Regarding yeast doughs, there are a few primary differences that distinguish high altitude baking from its sea level counterpart. These include: the need for more water (due to the dry air), a shorter rise time, and less yeast (due to less atmospheric pressure). The pizza dough I most love to make is wet and use small amounts of yeast, so it lends itself perfectly to high altitudes with a minimal amount of adjustments. I’m a big believer in eating pizza at least once a week, so this recipe was one of my first high altitude adaptations.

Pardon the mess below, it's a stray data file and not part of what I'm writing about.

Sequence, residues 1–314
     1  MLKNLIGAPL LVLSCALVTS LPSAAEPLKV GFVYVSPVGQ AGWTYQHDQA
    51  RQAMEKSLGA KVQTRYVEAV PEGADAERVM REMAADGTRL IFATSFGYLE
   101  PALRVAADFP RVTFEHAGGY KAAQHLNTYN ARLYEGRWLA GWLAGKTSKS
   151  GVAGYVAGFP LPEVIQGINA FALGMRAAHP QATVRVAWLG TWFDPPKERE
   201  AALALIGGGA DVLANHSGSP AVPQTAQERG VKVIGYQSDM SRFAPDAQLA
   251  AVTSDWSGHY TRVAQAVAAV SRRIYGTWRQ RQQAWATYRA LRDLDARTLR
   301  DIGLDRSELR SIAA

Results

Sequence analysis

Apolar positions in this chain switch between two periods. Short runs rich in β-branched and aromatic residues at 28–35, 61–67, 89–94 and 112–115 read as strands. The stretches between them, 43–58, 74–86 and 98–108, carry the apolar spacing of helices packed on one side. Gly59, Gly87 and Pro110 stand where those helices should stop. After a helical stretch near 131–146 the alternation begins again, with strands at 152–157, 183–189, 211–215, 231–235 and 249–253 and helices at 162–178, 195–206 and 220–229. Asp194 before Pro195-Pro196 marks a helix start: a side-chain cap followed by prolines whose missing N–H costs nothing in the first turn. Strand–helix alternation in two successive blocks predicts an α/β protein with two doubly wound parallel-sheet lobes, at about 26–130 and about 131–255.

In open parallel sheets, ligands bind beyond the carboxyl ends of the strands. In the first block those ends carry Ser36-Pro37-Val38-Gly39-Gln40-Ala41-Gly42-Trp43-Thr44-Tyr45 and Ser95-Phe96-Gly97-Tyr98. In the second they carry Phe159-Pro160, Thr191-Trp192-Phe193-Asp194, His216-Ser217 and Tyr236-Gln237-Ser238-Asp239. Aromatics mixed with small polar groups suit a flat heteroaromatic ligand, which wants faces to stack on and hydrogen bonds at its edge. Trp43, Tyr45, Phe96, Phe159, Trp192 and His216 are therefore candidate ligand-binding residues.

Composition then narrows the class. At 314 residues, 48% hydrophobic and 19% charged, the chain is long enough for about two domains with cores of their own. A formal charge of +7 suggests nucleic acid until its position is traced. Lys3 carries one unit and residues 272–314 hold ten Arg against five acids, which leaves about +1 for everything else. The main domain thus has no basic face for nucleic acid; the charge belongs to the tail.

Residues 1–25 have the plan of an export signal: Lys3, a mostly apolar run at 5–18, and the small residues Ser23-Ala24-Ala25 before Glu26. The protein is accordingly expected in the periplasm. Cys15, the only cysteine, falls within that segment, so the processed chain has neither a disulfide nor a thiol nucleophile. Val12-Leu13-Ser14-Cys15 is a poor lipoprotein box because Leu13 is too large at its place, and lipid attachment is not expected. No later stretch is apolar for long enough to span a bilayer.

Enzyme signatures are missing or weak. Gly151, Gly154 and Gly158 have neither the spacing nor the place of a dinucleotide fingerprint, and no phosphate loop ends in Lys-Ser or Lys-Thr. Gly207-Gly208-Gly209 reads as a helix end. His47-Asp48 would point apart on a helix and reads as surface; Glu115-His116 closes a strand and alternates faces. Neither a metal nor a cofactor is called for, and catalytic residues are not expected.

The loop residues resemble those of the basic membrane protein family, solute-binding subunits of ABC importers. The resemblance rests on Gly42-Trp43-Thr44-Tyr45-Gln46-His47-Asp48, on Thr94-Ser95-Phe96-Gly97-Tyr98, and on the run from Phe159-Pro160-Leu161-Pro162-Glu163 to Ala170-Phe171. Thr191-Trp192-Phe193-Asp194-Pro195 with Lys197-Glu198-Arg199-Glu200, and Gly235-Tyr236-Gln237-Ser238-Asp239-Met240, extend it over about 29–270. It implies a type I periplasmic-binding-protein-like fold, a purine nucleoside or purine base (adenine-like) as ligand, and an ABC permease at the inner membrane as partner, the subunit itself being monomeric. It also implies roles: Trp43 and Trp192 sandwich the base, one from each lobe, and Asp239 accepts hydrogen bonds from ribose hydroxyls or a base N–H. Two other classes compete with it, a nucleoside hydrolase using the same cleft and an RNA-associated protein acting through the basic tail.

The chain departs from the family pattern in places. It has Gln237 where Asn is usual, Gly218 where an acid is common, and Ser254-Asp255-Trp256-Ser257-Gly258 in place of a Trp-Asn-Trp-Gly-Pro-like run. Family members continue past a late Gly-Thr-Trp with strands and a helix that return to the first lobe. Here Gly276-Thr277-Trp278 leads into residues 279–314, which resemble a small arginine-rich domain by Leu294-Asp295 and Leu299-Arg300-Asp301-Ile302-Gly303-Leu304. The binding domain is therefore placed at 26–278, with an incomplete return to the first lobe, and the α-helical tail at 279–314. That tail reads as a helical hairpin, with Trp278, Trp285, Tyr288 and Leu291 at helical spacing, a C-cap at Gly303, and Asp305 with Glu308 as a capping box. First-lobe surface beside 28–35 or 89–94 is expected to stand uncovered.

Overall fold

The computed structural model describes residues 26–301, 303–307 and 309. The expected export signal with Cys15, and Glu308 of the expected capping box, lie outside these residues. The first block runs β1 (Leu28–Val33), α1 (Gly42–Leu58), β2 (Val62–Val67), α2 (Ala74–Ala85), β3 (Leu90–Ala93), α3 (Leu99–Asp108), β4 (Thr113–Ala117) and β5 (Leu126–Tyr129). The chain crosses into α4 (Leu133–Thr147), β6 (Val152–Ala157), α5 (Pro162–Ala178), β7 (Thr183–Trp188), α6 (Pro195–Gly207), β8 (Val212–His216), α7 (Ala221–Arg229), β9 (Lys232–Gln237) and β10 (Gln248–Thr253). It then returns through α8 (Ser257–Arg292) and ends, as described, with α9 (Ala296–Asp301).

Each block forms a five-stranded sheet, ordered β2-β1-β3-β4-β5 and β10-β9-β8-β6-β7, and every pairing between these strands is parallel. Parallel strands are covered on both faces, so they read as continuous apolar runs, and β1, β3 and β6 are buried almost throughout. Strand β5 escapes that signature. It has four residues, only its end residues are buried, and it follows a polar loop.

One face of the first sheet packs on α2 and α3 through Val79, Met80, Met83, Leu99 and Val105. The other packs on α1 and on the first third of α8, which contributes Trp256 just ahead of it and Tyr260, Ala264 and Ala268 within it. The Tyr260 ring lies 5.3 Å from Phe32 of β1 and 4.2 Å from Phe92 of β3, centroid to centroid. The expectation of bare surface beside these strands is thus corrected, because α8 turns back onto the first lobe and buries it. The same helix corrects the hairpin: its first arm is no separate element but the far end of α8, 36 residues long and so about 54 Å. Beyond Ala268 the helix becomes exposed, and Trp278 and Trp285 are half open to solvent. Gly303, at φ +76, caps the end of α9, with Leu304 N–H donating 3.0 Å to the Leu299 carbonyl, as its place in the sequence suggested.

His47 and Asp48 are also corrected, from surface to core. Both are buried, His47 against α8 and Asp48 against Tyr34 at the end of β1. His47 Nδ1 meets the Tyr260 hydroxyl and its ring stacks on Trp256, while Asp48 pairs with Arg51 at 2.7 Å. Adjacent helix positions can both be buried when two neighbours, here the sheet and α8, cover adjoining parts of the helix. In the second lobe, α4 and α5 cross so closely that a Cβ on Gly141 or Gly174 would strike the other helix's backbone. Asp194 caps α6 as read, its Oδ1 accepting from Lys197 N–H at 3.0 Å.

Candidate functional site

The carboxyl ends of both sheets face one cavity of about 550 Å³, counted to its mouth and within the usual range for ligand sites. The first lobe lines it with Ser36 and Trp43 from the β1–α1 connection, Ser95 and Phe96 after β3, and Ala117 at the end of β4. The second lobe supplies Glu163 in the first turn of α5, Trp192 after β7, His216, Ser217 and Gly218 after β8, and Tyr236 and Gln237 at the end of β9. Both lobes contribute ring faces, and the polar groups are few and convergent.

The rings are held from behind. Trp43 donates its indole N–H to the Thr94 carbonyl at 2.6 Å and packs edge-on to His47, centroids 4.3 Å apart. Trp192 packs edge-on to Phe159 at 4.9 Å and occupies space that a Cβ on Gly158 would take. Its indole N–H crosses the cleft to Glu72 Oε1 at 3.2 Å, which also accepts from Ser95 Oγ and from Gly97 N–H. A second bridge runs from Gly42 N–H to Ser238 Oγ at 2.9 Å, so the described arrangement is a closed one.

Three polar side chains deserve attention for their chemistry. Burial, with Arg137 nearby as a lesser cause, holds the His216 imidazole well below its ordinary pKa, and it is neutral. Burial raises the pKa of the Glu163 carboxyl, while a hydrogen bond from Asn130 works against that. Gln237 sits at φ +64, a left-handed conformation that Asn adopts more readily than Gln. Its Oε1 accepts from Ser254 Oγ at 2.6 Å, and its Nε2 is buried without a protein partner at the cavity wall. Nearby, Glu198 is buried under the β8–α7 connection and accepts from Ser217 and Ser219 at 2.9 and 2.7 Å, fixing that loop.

This pizza dough is very hydrated because it uses the bread making method known as Tangzhong. Popular among Japanese and Chinese bread makers, the Tangzhong method results in an incredibly light and moist dough. The method is simple: whisk together 5 parts water with 1 part flour (by weight), then heat the mixture. It should thicken and become gelatinous. I like to add some of the extra water at this point to the still hot gelatinous mixture to speed the cooling process as well as thin the mixture which helps it better incorporate into the flour mixture. Let it cool briefly (so as not to kill the yeast), then add it to the remaining ingredients. Read more.